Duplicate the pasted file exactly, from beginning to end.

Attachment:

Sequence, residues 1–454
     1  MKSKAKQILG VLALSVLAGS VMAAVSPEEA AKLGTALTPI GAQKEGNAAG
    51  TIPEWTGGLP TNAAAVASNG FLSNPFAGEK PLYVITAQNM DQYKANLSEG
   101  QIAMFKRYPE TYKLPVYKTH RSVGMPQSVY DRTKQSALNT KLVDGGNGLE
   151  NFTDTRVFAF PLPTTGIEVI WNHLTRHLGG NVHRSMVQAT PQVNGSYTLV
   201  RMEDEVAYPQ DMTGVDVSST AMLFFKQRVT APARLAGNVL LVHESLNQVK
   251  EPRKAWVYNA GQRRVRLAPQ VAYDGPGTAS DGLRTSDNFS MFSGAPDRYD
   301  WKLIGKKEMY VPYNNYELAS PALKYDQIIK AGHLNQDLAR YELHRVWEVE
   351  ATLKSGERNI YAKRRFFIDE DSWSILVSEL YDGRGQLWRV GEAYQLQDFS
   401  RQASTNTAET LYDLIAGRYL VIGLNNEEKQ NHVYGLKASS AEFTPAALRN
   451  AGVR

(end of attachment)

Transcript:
Sequence, residues 1–454
     1  MKSKAKQILG VLALSVLAGS VMAAVSPEEA AKLGTALTPI GAQKEGNAAG
    51  TIPEWTGGLP TNAAAVASNG FLSNPFAGEK PLYVITAQNM DQYKANLSEG
   101  QIAMFKRYPE TYKLPVYKTH RSVGMPQSVY DRTKQSALNT KLVDGGNGLE
   151  NFTDTRVFAF PLPTTGIEVI WNHLTRHLGG NVHRSMVQAT PQVNGSYTLV
   201  RMEDEVAYPQ DMTGVDVSST AMLFFKQRVT APARLAGNVL LVHESLNQVK
   251  EPRKAWVYNA GQRRVRLAPQ VAYDGPGTAS DGLRTSDNFS MFSGAPDRYD
   301  WKLIGKKEMY VPYNNYELAS PALKYDQIIK AGHLNQDLAR YELHRVWEVE
   351  ATLKSGERNI YAKRRFFIDE DSWSILVSEL YDGRGQLWRV GEAYQLQDFS
   401  RQASTNTAET LYDLIAGRYL VIGLNNEEKQ NHVYGLKASS AEFTPAALRN
   451  AGVR